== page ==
All The Light We Cannot See by Anthony Doerr (Audiobook Review)
Catalyst by Laurie Halse Anderson (Audiobook Review)

Special thanks to Listening Library for this review copy. Audiobook review by Steven Brandt. This audiobook review is based on the unabridged audiobook. Come back soon for more audiobook reviews from Audiobook-Heaven.


Wednesday, November 19, 2014

Breakers by Edward W Robertson (Audiobook Review)

Audiobook Reviews from Audiobook-Heaven

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Breakers
by Edward W Robertson
read by Ray Chase

Breakers #1
©2013 Podium Publishing
12 hours 10 minutes unabridged
Genres: post apocalypse, science fiction
Filed in: Audiobook Reviews

  5 out of 5 haloshalohalohalohalohalo

PUBLISHER’S SUMMARY: In New York, Walt Lawson is about to lose his girlfriend Vanessa. In Los Angeles, Raymond and Mia James are about to lose their house. Within days, none of it will matter. When Vanessa dies of the flu, Walt is devastated. But she isn't the last. The virus quickly kills billions, reducing New York to an open grave and LA to a chaotic wilderness of violence and fires. As Raymond and Mia hole up in an abandoned mansion, where they learn to function without electricity, running water, or neighbors, Walt begins an existential walk to LA, where Vanessa had planned to move when she left him. He expects to die along the way. Months later, a massive vessel appears above Santa Monica Bay. Walt is attacked by a crablike monstrosity in a mountain stream. The virus that ended humanity wasn't created by humans. It was inflicted from outside. The colonists who sent it are ready to finish the job - and Earth's survivors may be too few and too weak to resist.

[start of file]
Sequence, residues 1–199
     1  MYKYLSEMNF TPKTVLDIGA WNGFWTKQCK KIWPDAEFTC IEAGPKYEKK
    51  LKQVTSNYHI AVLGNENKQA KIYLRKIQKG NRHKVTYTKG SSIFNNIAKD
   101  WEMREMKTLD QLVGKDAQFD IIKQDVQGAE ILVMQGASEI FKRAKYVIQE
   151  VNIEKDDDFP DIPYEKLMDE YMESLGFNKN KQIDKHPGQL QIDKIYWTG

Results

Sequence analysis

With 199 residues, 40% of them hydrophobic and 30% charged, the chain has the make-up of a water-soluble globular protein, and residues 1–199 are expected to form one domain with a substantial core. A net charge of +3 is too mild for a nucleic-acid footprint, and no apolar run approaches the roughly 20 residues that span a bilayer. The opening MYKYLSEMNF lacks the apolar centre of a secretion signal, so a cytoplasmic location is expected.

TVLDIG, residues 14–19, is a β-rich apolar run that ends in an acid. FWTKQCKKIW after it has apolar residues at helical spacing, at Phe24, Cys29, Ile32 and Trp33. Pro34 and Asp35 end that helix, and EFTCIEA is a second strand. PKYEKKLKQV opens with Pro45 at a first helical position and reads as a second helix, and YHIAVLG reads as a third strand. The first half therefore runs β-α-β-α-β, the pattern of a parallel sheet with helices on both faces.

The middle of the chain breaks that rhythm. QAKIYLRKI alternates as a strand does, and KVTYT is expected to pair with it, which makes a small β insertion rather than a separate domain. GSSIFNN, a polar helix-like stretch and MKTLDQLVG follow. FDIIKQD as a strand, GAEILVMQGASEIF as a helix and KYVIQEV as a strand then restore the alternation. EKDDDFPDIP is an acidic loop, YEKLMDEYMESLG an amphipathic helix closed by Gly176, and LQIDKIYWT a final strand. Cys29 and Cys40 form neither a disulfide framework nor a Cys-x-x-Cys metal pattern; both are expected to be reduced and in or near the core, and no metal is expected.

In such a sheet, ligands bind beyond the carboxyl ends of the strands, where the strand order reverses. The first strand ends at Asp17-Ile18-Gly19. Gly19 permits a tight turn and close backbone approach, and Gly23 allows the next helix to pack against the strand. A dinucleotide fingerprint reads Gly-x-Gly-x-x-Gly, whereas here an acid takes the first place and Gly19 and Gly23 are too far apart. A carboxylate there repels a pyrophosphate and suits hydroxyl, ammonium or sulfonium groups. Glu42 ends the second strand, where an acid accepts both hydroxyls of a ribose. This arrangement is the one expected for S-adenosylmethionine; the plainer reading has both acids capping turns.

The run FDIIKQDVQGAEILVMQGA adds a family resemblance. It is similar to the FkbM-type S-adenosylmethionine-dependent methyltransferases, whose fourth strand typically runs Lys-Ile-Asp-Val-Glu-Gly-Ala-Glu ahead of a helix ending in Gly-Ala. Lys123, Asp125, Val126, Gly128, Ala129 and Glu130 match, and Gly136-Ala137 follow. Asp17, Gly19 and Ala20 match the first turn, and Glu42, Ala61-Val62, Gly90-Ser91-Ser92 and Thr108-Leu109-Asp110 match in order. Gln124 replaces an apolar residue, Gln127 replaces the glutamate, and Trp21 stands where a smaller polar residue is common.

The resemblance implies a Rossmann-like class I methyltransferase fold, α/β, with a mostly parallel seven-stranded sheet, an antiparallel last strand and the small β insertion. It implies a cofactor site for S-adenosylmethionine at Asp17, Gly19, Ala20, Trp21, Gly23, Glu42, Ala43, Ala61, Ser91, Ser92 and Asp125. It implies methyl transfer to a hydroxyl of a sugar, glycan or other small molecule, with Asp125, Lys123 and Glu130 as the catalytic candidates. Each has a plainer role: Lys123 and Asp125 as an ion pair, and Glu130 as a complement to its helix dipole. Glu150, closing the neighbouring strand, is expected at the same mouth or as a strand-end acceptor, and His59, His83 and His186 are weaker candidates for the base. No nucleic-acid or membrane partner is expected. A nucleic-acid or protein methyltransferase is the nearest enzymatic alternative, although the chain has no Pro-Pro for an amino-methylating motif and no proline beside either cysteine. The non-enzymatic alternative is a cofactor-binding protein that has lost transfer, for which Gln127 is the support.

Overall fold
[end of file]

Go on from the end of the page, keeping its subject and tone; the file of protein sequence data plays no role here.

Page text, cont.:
©2012 Edward W. Robertson (P)2013 Podium Publishing

AUDIOBOOK REVIEW: In New York City, Walt discovers rather by accident that his live-in girlfriend Vanessa is preparing to leave him to pursue an acting career in California, leaving Walt with some serious questions about what he did wrong and what happens next. In Los Angeles, Raymond and Mia are on the brink of losing their home because Ray can’t find a job. In both cases the future does not look good. Then people start dying, including Vanessa, and future prospects go from bad to worse.

Within a couple of weeks the so-called Panhandler virus kills billions, an estimated ninety-nine percent of the world’s population. Even though the situation in L.A. is grim, Raymond and Mia decide to stick it out and aren’t doing too badly for themselves. Losing their house to a fire, they move into a now abandoned mansion up on the hill. They plant fresh vegetables in the back yard and forage for the things they need in the surrounding neighborhoods. In New York, Walt simply doesn’t want to live anymore and decides to walk to Los Angeles knowing that he will probably be killed on the way. And then worse finally becomes worst when the alien ships appear in the sky. The Panhandler wasn’t created on Earth after all. But why did these aliens cross the unimaginable depths of outer space to come here and kill off all the people?